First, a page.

How does the end of the industrial economy effect life purpose? Just like Industrialism brought massive increase in employment diversity over the agricultural economy, so has Post Industrialist economy exponentially increased our vocational options!

Perhaps it is early to start speculating about what the time we now live in IS, but we are starting to see what it is NOT.

The time for complaining about the “good manufacturing jobs” being shipped overseas has past us by. Those jobs won’t exist for much longer anyway. Before we know it, most of us will be in careers that haven’t been invented yet. This revolution of vocation has happened before, and each time it happens both sooner and faster.

Very long ago, humanity made the shift from a hunter gatherer economy to an agricultural one. We still have hunters and gatherers among us, and I were to hazard a guess, I would say they make up between 0 and 2% of our labours.

By the time of my Grandparents, 60% of North Americans made their living farming. Any guesses what that number is now? 2%. At least twice in history (that we know of) we have set 98% of people free to pursue vocations that did not previously exist. And it is happening again. People who are alive today, will live to see 98% of all humans working in ways that had not yet been imagined when they were born.

So what does all of this mean? It means that vocation has changed. What we look for in vocation also needs to change. We have been sold a bill of goods. Let’s call this the industrial package. You finish school, you go to work, you retire. And I’ll tell you, if my job were to work 92000 hours on some assembly line somewhere, I’d be excited to retire too!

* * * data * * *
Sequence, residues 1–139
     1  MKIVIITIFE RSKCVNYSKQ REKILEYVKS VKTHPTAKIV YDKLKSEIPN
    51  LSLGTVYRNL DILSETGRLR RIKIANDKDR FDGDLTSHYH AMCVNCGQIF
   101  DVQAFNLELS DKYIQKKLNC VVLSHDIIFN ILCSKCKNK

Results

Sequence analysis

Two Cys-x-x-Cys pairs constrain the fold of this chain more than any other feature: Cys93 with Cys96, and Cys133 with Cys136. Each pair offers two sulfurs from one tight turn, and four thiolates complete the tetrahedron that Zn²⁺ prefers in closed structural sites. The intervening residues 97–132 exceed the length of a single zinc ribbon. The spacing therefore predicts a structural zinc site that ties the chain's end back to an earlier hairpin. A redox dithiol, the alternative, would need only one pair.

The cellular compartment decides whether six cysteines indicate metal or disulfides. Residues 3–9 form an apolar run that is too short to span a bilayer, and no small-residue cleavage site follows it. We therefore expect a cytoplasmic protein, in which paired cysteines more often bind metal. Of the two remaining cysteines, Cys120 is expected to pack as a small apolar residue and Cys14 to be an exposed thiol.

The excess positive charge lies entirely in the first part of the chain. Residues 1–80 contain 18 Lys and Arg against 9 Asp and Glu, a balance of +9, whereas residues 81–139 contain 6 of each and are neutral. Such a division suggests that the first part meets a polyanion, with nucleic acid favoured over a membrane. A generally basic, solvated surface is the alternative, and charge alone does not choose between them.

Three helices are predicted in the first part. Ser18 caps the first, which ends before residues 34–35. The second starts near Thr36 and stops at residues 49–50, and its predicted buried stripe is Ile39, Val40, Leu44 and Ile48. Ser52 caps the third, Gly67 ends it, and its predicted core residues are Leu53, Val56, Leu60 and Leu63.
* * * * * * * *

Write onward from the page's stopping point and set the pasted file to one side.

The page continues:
All of this is coming to end, and when it started coming to end was by best guess 1974. It is hard to say exactly, since I wasn’t alive during the industrial era, but all my research points to the mid 70s as the tipping point.

So why are we still giving out advice that revolves around a bill of goods that is evaporating underneath us? Whether we call it the information age, the gig economy, or post industrialism, we are now more likely to create our own “job” than to find one. Our imaginations for what life could look like can also change in ways we have not yet imagined.

So open your imagination, if you retired from your industrialist job today, how would you spend your time? What matters to you? What space would you love to create and occupy? What is your purpose has gone from multiple choice to long answer creative. What purpose do you imagine for your life?